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LIKE FLYING – Teaching Young People to Fly

An ongoing, transformative, artist-led project for pupils in schools in Scotland

Pupils from Ardrossan Academy performing in Like Flying. Image Credit: Tim Morozzo

This case study explores an inspirational aerial theatre project supporting mental health and wellbeing for secondary students in Glasgow and North Ayrshire. Written by the National Theatre of Scotland.

This is one of 25 case studies highlighting the value of arts in schools and education settings, curated by arts education researcher Sarah B Davies. The suite of case studies illustrates the research The Arts In Schools: Foundations for the Future, by Pauline Tambling and Sally Bacon, due to be published in 2023.

About the project

Delivered in schools in 2019 and 2022, LIKE FLYING is an ongoing artist-led project conceived by Nic Green and produced by the National Theatre of Scotland (NTS). It aims to enable 12 to 14 year old pupils to reach their potential, increase their wellbeing, and build resilience. In 2022, 48 pupils engaged in the project: 7 completed creative work placements and 42 learnt to ‘fly’ in aerial performance workshops. The project has increasing relevance to young people today who have faced exceptional challenges to their mental wellbeing during the COVID-19 pandemic.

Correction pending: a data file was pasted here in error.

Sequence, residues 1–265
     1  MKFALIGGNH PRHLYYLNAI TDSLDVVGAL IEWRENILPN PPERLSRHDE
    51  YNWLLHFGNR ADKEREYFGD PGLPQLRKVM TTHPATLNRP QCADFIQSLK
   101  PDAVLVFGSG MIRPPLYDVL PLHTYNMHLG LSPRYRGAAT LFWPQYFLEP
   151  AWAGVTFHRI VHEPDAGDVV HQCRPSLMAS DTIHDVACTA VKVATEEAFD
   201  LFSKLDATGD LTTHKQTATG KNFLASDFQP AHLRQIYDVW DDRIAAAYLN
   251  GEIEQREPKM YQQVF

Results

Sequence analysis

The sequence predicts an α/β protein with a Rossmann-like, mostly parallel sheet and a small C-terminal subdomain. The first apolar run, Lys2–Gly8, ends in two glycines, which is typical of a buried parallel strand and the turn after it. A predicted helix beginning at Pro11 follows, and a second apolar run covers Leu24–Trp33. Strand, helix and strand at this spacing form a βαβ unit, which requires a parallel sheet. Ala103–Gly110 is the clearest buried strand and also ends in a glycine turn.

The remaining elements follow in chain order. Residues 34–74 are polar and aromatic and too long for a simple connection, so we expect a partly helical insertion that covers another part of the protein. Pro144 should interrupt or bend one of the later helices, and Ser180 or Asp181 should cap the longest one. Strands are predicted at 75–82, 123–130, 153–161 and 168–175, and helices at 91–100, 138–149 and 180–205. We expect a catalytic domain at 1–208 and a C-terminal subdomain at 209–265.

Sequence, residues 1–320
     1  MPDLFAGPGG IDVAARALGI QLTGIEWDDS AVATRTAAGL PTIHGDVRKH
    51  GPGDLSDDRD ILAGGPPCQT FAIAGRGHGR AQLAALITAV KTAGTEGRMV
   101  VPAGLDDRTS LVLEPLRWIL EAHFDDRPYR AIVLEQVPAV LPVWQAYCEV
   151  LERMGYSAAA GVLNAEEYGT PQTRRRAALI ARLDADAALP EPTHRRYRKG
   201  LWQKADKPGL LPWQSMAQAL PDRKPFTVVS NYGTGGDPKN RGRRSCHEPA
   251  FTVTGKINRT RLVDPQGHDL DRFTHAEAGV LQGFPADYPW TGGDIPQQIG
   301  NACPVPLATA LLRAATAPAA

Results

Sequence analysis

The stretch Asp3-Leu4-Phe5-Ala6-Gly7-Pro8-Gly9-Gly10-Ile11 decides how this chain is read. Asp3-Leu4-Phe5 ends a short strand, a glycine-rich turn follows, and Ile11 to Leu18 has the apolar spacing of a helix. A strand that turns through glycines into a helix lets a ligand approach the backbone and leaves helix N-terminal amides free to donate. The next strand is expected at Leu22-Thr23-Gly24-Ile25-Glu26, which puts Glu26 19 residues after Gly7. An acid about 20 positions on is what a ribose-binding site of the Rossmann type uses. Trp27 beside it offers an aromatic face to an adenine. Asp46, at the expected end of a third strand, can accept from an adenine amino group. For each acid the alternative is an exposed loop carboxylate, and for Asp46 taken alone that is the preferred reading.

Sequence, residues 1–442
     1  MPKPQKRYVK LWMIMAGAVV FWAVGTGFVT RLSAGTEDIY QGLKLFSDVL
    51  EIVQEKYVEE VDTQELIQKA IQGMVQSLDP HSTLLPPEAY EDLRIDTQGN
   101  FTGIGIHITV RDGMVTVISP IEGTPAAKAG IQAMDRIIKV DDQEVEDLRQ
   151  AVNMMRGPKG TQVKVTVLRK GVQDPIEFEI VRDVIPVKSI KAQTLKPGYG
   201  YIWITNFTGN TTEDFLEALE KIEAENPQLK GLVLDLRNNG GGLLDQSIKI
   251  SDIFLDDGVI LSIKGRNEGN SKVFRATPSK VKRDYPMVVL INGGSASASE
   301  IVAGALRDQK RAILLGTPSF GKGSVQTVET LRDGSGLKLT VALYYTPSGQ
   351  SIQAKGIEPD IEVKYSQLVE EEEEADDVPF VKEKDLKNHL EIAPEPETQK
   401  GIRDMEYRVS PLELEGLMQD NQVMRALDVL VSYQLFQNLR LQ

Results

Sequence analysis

In June 2019, performances at Craigmount High School, Edinburgh and Auchinleck Academy, East Ayrshire were produced by NTS in partnership with the Scottish Association for Mental Health. Performances in Bellahouston Academy, Glasgow and Ardrossan Academy, North Ayrshire in September and October 2022 respectively were produced by NTS in collaboration with MCR Pathways.

Aberdeen Standard Investments in association with East Ayrshire Council and The City of Edinburgh Council supported the project in 2019. In 2022, it was supported by: The Rayne Foundation, The William Grant Foundation, Binks Trust, The McGlashan Charitable Trust, The Ettrick Charitable Trust, The Murdoch Forrest Charitable Trust, The WM Mann Foundation, Educational Institute of Scotland and Savendie.

What worked well

LIKE FLYING aims to create a model that strengthens the resilience of young people, and which promotes the efficacy of creative interventions in secondary schools. The project targets secondary school pupils between S2 and S4, telling their stories of transitioning from childhood to adulthood through a range of means, with a focus on aerial arts.

The artistic lead on the project is Nic Green, an award-winning, celebrated artist and theatre-maker. Working alongside professional artists Nic and leading aerial performance practitioners All or Nothing Aerial Dance Theatre, the pupils at each school produce a series of high impact performances for their school and wider communities.